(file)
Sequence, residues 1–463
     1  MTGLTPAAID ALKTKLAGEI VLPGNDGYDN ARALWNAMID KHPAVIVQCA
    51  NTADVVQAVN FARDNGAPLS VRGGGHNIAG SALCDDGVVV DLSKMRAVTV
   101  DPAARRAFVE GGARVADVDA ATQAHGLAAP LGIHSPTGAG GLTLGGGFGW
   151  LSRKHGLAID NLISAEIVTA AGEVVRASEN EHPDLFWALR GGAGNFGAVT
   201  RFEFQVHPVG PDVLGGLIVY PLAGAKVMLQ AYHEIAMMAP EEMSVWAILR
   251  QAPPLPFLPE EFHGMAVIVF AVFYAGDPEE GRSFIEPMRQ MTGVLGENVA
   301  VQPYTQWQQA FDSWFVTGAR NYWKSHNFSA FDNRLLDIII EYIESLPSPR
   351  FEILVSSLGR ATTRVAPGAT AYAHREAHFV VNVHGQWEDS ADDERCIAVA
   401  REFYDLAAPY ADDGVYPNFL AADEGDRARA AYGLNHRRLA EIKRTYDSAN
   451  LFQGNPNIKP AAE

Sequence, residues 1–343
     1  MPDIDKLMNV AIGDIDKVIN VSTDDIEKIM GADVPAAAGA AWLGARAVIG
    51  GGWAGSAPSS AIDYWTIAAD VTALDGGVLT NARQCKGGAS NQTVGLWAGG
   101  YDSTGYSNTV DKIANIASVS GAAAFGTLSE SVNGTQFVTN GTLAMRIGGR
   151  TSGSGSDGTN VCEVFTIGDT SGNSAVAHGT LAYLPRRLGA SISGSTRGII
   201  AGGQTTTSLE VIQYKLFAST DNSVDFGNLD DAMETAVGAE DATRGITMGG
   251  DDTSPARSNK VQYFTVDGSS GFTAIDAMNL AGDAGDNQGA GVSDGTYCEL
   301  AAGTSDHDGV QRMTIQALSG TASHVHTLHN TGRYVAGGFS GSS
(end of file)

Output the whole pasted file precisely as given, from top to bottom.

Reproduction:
Sequence, residues 1–463
     1  MTGLTPAAID ALKTKLAGEI VLPGNDGYDN ARALWNAMID KHPAVIVQCA
    51  NTADVVQAVN FARDNGAPLS VRGGGHNIAG SALCDDGVVV DLSKMRAVTV
   101  DPAARRAFVE GGARVADVDA ATQAHGLAAP LGIHSPTGAG GLTLGGGFGW
   151  LSRKHGLAID NLISAEIVTA AGEVVRASEN EHPDLFWALR GGAGNFGAVT
   201  RFEFQVHPVG PDVLGGLIVY PLAGAKVMLQ AYHEIAMMAP EEMSVWAILR
   251  QAPPLPFLPE EFHGMAVIVF AVFYAGDPEE GRSFIEPMRQ MTGVLGENVA
   301  VQPYTQWQQA FDSWFVTGAR NYWKSHNFSA FDNRLLDIII EYIESLPSPR
   351  FEILVSSLGR ATTRVAPGAT AYAHREAHFV VNVHGQWEDS ADDERCIAVA
   401  REFYDLAAPY ADDGVYPNFL AADEGDRARA AYGLNHRRLA EIKRTYDSAN
   451  LFQGNPNIKP AAE

Sequence, residues 1–343
     1  MPDIDKLMNV AIGDIDKVIN VSTDDIEKIM GADVPAAAGA AWLGARAVIG
    51  GGWAGSAPSS AIDYWTIAAD VTALDGGVLT NARQCKGGAS NQTVGLWAGG
   101  YDSTGYSNTV DKIANIASVS GAAAFGTLSE SVNGTQFVTN GTLAMRIGGR
   151  TSGSGSDGTN VCEVFTIGDT SGNSAVAHGT LAYLPRRLGA SISGSTRGII
   201  AGGQTTTSLE VIQYKLFAST DNSVDFGNLD DAMETAVGAE DATRGITMGG
   251  DDTSPARSNK VQYFTVDGSS GFTAIDAMNL AGDAGDNQGA GVSDGTYCEL
   301  AAGTSDHDGV QRMTIQALSG TASHVHTLHN TGRYVAGGFS GSS